Idioms are words and phrases that offer a figurative use different from their literal meaning. They are fun and interesting ways to insert detail and analogy into your speech and writing. However, you may confuse your audience if they are unfamiliar with the idiom, its origins or the reference you are attempting to make with it.
Up to scratch is a great example of this. Scratch means a mark or wound, but it takes on a very different meaning when used in the idiomatic phrase up to scratch. This could create confusion and frustration for anyone new to the English language.
Let’s learn how to use the phrase up to scratch so you can recognize its inference and use it in your own materials.
What Does Up to Scratch Mean?
When something is described as up to scratch, it means that it is up to a required standard, is as good as what was required, demanded, or expected, or that someone or something is satisfactory. It also highlights that a person or animal is fit or healthy and exhibits having met certain requirements.
Up to Scratch Examples in a Sentence
- The culinary instructor determined the preparation work was up to scratch and gave the student the go-ahead to begin baking.
- Jonathan questioned whether the resources the data was gathered from were up to scratch, requiring the laboratory to produce the certificates of the maintenance recently completed as an assurance of their consistency.
- Despite her concerns, Monica’s investigatory efforts were considered up to scratch by the department, and she was promoted to detective.
Obviously, when something is not up to scratch, it is inferred that certain expectations, demands or requirements have not been met or that something is unsatisfactory. When used in the negative, it usually suggests that progress is not being made or that things are currently at a standstill.
- She was concerned her athletic efforts weren’t up to scratch, seeing as the scholarship committee comprised former Olympic athletes.
- Despite her best efforts to convince the students they had control over their success, their poor attendance contributed to the Dean’s decision to hold them back due to “not being up to scratch for such a prestigious school.”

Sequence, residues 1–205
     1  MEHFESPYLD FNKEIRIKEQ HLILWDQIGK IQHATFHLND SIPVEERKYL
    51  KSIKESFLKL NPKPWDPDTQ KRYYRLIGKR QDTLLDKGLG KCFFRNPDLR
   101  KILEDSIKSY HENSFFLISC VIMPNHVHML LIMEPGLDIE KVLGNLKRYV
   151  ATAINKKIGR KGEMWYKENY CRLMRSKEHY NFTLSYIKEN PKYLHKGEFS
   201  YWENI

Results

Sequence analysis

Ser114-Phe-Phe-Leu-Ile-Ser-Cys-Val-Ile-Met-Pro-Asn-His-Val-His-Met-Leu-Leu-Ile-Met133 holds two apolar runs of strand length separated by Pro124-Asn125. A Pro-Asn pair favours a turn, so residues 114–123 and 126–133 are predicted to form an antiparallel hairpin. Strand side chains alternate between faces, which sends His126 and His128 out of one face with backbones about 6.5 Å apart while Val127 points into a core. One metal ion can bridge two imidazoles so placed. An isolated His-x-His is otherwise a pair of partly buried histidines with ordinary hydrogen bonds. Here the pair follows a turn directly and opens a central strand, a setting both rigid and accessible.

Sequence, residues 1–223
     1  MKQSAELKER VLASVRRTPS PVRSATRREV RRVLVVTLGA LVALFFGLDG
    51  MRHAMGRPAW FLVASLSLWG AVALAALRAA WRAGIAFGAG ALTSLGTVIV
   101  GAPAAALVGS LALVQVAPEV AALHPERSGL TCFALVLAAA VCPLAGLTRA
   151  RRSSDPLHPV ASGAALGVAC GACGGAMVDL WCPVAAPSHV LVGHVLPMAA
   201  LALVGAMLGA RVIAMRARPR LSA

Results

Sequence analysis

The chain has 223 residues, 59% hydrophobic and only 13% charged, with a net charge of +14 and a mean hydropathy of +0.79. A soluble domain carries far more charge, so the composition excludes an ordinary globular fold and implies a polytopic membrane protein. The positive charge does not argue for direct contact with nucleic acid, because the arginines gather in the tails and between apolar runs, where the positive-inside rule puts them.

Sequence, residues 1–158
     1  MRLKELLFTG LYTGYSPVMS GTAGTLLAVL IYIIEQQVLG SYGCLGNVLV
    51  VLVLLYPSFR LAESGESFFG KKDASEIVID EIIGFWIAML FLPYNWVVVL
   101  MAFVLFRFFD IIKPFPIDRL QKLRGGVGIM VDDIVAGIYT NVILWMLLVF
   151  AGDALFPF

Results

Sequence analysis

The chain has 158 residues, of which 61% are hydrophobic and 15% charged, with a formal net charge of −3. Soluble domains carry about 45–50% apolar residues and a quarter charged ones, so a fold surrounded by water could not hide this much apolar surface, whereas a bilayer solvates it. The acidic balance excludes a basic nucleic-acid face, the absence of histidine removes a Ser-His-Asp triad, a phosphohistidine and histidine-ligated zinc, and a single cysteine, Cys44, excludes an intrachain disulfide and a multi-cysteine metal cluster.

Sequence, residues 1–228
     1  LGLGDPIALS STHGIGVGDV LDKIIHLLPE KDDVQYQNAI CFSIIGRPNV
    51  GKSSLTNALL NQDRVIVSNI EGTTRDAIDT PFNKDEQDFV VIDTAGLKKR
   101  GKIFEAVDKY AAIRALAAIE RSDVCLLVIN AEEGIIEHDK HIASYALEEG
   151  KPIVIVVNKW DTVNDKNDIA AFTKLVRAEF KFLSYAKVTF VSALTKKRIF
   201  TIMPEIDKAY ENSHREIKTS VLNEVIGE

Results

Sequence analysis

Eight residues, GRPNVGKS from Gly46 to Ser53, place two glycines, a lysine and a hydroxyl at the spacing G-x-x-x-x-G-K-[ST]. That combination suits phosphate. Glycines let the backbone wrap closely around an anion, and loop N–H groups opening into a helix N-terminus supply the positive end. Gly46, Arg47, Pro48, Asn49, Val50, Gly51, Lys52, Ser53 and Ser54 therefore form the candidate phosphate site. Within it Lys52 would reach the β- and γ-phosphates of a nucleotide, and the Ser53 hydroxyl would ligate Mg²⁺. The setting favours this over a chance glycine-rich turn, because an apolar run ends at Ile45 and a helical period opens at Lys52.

- Unfortunately, her cookie dough was not up to scratch compared to the other competitors, and she failed to make it to the next round of the baking challenge.
Origins of the Term Up to Scratch
The term up to scratch appeared during the early to mid-1800s as a reference to boxing rules. When boxing was bare-knuckled, the opponent had to stand with their toes against a scratch in the ground at the start of every round. If a fighter was fit enough to stand at his assigned place at the beginning of a round (meaning he could walk himself to the line), he was up to scratch. If not, he was not up to scratch—likely due to his injuries.
The term was probably used before this pertaining to foot and horse races that would start at a line scratched into the ground, but it is difficult to find documentation of its use in such a manner. However, the Oxford English Dictionary lists scratch as “a line or mark drawn to indicate a boundary or starting point.”
The term not up to the mark can be used as a replacement for not up to scratch. In a modern sense, this negative connotation refers to something not meeting a certain standard. To start from scratch means to start over, to come up to scratch means to work towards certain expectations, to bring to the scratch means to be prepared or ready, and to toe the scratch means to have met requirements.
All of these variations are easily understood if you define scratch as a starting line.
The athletic connotation of the word scratch, when used as a starting point, has its roots in the 19th century and possibly earlier. To be up to scratch meant that a boxer (or other athletic event participants) was up to the physical ability required to begin a match.
Today, the idiom indicates something that is up to expectations or requirements.